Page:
We watched Martin Scorsese‘s Hugo this weekend with a couple of young friends and in retrospect it might have been a little scary for the 5 year old, but is older brother chose it, it is a U certificate and we used the excellent BBFC web site as an additional check where it noted that the film “Contains mild scenes of danger”. We don’t often have to choose which films to watch with children so thought it was worth making sure.
I wanted to see Hugo at the cinema last year, and I really wish I had made the effort to see this on the big screen as it is one of those films that you can truly call a ‘cinematic experience’. This is bore out by the fact that among the many Oscar’s the movie picked up this year was the academy awards for Cinematography, Art Direction and Visual Effects.
The film is simply packed with unique and innovative camera moves or tricks, action sequences that make you wonder how they filmed it and ‘single shot’ moves which must be partly CG to make it possible. There are numerous vignettes that are told almost entirely visually, with no speech but using closeups, low angle or shot from above making a spectacular and spellbinding movie.
Spellbinding is a good term for this movie – which partly includes the story of early cinema during which times these visual techniques were brought into being:
- we see the boy looking straight to camera but don’t know what at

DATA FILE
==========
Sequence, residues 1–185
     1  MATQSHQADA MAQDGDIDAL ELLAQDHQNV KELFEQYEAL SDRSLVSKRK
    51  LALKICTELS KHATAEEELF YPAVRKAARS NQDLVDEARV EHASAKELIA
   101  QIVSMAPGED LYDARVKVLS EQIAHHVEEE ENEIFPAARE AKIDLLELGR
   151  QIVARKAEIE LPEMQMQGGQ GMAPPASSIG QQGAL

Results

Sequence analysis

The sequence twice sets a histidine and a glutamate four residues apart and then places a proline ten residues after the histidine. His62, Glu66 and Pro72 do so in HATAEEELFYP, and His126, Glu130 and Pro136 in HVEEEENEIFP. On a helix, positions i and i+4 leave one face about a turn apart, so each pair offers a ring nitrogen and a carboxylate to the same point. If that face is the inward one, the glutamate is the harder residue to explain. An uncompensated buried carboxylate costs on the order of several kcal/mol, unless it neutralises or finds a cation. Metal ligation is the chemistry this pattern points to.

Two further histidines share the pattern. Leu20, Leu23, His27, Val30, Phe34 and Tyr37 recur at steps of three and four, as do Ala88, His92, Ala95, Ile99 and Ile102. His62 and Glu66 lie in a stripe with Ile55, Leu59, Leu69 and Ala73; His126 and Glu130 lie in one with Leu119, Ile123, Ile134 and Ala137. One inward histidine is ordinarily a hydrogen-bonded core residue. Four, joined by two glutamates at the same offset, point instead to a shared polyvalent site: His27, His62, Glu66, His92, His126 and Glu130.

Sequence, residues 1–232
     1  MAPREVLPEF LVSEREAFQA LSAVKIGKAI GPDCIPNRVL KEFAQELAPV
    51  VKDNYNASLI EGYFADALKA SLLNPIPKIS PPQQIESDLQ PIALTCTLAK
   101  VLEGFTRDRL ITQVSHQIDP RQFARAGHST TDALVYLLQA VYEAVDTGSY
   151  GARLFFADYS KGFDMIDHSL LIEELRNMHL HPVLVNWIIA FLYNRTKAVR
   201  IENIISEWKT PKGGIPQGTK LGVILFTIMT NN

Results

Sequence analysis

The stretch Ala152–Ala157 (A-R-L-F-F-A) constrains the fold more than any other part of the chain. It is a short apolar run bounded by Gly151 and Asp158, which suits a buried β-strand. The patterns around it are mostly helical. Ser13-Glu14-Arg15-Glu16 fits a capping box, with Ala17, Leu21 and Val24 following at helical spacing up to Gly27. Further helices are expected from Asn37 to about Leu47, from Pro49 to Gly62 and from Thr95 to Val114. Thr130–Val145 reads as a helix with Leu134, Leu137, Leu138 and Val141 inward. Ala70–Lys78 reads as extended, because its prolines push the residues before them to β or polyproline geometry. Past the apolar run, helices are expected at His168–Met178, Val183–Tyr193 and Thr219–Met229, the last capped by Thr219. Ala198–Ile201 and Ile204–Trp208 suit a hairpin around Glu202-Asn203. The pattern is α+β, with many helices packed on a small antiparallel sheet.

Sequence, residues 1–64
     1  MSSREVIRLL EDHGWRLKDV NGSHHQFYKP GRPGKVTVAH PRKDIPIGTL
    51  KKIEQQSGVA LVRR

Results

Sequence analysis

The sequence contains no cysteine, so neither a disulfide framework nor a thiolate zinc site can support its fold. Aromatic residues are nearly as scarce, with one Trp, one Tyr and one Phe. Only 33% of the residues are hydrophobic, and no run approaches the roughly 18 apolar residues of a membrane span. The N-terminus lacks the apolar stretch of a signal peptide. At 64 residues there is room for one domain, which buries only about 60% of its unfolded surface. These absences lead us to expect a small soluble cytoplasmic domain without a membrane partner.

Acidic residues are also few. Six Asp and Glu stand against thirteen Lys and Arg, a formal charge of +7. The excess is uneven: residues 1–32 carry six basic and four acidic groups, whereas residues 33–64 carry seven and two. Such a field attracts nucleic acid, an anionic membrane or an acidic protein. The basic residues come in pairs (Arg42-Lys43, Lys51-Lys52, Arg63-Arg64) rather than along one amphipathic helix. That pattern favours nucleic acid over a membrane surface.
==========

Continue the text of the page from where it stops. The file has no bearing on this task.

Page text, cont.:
- cut to a shot of a tray of cakes, we assume without being told that this is what the boy was looking at
- we see a hand reaching across screen from left to right, we assume that this is the boy reaching for the cakes
- a boys feet running away from camera, we assume that the boy has stolen a cake and is running away.
The simple structure of showing these four images in the correct order – boy – cakes – hand – running – and we fill in the story in between. The grammar of film making.
Even if all these visual niceties pass you by, the story and characters are engaging with a truly remarkable outcome which I will not go into here. The predominantly British cast are outstanding with Ben Kingsley taking the major role but many smaller parts played by the like of Ray Winstone, Christopher Lee, Richard Griffiths, Jude Law and surprisingly Sacha Baron Cohen who I have no time for at all does and excellent job in the role of ‘Station Inspector’.
I would say this is a must see film, let me know if you agree?